Florentine banker Filippo Strozzi the Younger accompanied Medici to Rome for the conclave; Strozzi's brother (a disciple of Savonarola) claimed that: "inasmuch as the latter aspired not without good reason to the Papacy, it was likely enough that he might have to vail himself of Filippo's credit".[30] In the event, Julius II's bull against simony had all the participants on alert, and there is no hint of simony at the Conclave of 1513.[31]

Pirie's account edit

According to Valerie Pirie's The Triple Crown (1936):

Twenty-five cardinals entered the conclave. The absence of the French element[32] left practically only two contending parties—the young and the old. The former had secretly settled on Giovanni de' Medici; the second openly supported S. Giorgio, England's candidate.[33] The Sacred College had been assembled almost a week before the first serious scrutiny took place. Many of the cardinals, wishing to temporise and conceal their real intentions, had voted for the man they considered least likely to have any supporters. As luck would have it, thirteen prelates had selected the same outsider, with the result that they all but elected Arborense, the most worthless nonentity present. This narrow shave gave the Sacred College such a shock that its members determined to come to some agreement which would put matters on a more satisfactory basis for both parties.[34]

Electors edit

Notes edit

  1. ^ Pastor, Volume VI, pp. 433-436.
  2. ^ J. P. Adams, Cardinals at the V Lateran Council. Retrieved: 2016-04-11.
  3. ^ Mansi, pp. 762-763.
  4. ^ Mansi, pp. 768-773.
  5. ^ Bernardino López de Carvajal, Guillaume Briçonnet, Francesco Borgia, Federico Sanseverino, and René de Prie were deprived of their functions and declared schismatics on 11 October 1511: Guilelmus van Gulik & Conradus Eubel Hierarchia catholica medii et recentioris aevi III, edition altera (Monasterii 1923), p. 4, column 2, note 1.
  6. ^ a b Petruccelli, p. 486.
  7. ^ Petruccelli, p. 487.
  8. ^ Paolo Giovio, "Life of Leo X", p. 154.
  9. ^ Creighton IV, p. 178. Gregorovius, p. 175. Cf. Roscoe, 1888, p. 295. Roscoe is incorrect, both as to the number of living cardinals (He thought that there were 32) and as to the date (He wrote March 3). Paris de Grassis, the papal Master of Ceremonies noted in his Diary that the Conclave was enclosed on 4 March at 22:00 hours, Rome time: Joannes Baptista Gattico (1753). Acta selecta caeremonialia sanctae Romanae Ecclesiae, ex variis mss. codicibus et diariis saeculi XV.XVI.XVII. aucta et illustrata pluribus aliis monumentis nondum editis collectore P.D. Joanne Baptista Gattico. Vol. Tomus I. Rome: Joannes Laurentius Barberini. pp. 310–318, at p. 314.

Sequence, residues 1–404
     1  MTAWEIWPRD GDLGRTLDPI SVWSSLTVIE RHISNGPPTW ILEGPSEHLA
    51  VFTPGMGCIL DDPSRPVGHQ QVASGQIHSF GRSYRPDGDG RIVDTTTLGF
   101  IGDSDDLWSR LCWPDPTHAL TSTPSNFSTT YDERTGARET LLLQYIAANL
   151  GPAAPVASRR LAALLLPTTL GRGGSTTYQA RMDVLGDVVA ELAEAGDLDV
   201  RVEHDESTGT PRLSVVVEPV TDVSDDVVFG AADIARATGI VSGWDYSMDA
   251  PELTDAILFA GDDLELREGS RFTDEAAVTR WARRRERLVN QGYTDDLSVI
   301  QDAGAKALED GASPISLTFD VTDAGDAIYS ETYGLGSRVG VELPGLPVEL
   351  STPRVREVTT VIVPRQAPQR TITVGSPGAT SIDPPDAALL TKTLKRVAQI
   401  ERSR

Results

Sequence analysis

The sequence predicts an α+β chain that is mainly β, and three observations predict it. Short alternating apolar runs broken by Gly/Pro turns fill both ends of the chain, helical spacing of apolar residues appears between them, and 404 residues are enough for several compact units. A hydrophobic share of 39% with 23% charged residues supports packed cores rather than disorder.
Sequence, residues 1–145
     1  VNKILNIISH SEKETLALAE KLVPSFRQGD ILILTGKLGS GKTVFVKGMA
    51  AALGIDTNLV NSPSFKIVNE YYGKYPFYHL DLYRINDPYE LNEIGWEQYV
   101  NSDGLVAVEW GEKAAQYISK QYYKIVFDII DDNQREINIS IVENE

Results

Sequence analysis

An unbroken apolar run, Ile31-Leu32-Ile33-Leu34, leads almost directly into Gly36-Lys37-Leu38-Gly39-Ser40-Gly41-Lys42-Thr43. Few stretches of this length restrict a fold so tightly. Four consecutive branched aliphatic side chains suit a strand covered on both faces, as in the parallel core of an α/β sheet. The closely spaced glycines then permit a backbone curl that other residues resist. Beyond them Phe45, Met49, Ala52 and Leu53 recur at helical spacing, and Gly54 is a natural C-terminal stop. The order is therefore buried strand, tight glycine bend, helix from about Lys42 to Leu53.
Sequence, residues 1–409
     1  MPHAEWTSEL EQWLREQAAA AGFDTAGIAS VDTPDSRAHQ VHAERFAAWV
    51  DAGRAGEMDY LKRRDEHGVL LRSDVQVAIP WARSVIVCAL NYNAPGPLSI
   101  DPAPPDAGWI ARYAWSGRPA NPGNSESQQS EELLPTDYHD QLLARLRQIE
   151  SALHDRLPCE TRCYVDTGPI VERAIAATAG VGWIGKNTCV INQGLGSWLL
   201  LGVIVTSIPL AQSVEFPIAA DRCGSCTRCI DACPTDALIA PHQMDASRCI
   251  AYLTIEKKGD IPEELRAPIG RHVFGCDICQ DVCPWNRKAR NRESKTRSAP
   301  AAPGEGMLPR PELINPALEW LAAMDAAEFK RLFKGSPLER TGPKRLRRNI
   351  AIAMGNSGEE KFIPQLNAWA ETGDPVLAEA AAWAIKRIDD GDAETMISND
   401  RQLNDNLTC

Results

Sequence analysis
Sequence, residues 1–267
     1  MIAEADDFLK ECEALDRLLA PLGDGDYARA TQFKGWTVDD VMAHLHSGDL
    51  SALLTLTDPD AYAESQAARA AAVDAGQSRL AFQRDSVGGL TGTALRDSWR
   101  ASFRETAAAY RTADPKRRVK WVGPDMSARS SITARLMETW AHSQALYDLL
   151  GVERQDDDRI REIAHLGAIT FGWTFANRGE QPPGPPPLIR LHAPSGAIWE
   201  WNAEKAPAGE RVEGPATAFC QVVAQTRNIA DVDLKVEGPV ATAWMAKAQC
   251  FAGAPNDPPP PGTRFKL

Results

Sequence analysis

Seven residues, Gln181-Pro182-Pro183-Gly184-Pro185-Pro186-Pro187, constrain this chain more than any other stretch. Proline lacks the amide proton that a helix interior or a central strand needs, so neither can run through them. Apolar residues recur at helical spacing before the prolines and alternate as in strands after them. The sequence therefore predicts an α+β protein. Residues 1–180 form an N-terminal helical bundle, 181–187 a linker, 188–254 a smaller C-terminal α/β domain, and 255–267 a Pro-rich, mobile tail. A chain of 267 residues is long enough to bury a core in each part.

10. ^ He died on 8 March, in the Conclave, and therefore did not take part in any balloting. Guilelmus van Gulik & Conradus Eubel Hierarchia catholica medii et recentioris aevi III, edition altera (Monasterii 1923), p. 11.
  11. ^ Pastor VII, p. 18.
  12. ^ Gaetano Marini, Degli archiatri pontificij Volume primo (Roma: Pagliarini 1784), pp. 318-319. Gregorovius, p. 175.
  13. ^ Petruccelli, p. 486 and 488.
  14. ^ Papebroch, p. 149.
  15. ^ a b Papebroch, p. 150.
  16. ^ Luca Landucci (1883). Del Badia. Jodoco (ed.). Diario fiorentino dal 1450 al 1516 (in Italian). Firenze: G. C. Sansoni. p. 338.
  17. ^ Pastor VII, p. 20.
  18. ^ Papebroch, p. 150. Gaetano Marini, Degli archiatri pontificij Volume primo (Roma: Pagliarini 1784), pp. 318-319.
  19. ^ a b Trollope, 1876, p. 181.
  20. ^ Gattico, p. 315.
  21. ^ Setton, 1984, p. 143.
  22. ^ The Master of Ceremonies, Paris de Grassis, still uses the traditional terminology for the senior members of each order: prior Episcoporum, prior Cardinalium, prior Diaconum. He also speaks of the Decanus Collegii: Gattico, p. 315.
  23. ^ a b c Roscoe, 1888, p. 297.
  24. ^ Pastor VII, p. 21. A complete list of all the votes in the first Scrutiny is given by Paris de Grassis, quoted in: Jean Godefroy, ed. (1712). Lettres du roi Louis XII et du cardinal Georges d'Amboise: depuis 1504 à 1514 (in French and Latin). Vol. IV. Brusselles: Foppens. pp. 68–70. A chart of the distribution of the votes was prepared by J. P. Adams, The First Scrutiny (March 10, 1513). Retrieved: 2016-04-11.
  25. ^ Pastor VII, p. 22. The votes for Serra came from: Achille de Grassis, Carlo de Caretto, Pietro Accolti, Francesco Soderini, Antonio del Monte, Adriano del Castello de Corneto, Francesco Remolino, Marco Vigerio, Raffaele Riario, Domenico Grimani, Tamas Bakosz, Alessandro Farnese, and Alfonso Petrucci: Godefroy, p. 68 (from Paris de Grassis). Six of these were cardinals appointed by Julius II: Salvador Miranda, Consistories of the XVI Century Archived 2018-01-04 at the Wayback Machine, retrieved: 2016-04-11.
  26. ^ The meeting was at dinner, according to Trollope, 1876, pp. 181–182. But Papebroch's source (p. 150 § 9) makes it clear that it was after dinner in the middle of the Sala Majore.
  27. ^ Trollope, 1876, p. 183.
  28. ^ Petruccelli, pp. 493-494.
  29. ^ Gulik & Eubel, p. 13, n. 2. GCatholic, Pope Leo X. Retrieved: 2016-04-11.
  30. ^ Trollope, 1876, pp. 183–184.
  31. ^ Pastor VII, p. 25.
  32. ^ This is not quite true. Cardinal Robert Guibé (Chailland) was present, and so was Cardinal Domenico del Carretto, who was a French agent. Gulik & Eubel, p. 13 n. 2.
  33. ^ Pirie seems to be wrong. S. Giorgio received no votes at all. The alternative is that a dozen cardinals were lying.
  34. ^ Pirie, 1936, p. 49.

References edit